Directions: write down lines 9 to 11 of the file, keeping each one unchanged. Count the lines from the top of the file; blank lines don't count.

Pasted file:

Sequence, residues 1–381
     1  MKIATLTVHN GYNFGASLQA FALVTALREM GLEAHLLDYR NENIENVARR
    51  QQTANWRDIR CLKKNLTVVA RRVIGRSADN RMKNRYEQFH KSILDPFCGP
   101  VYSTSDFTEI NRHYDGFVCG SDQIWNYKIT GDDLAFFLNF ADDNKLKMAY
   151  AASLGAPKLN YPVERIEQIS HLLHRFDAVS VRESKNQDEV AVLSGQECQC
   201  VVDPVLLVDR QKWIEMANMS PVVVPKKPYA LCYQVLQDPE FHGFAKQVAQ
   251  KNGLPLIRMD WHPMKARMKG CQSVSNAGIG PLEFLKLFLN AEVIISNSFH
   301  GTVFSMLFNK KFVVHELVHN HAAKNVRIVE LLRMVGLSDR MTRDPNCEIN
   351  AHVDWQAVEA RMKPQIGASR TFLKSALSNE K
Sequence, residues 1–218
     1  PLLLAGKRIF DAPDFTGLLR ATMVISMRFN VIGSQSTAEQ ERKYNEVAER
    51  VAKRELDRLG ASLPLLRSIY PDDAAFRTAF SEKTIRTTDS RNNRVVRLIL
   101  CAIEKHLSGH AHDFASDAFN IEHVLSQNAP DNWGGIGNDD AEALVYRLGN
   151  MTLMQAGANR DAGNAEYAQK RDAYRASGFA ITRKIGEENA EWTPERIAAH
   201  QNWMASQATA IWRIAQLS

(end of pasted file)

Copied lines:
   351  AHVDWQAVEA RMKPQIGASR TFLKSALSNE K
Sequence, residues 1–218
     1  PLLLAGKRIF DAPDFTGLLR ATMVISMRFN VIGSQSTAEQ ERKYNEVAER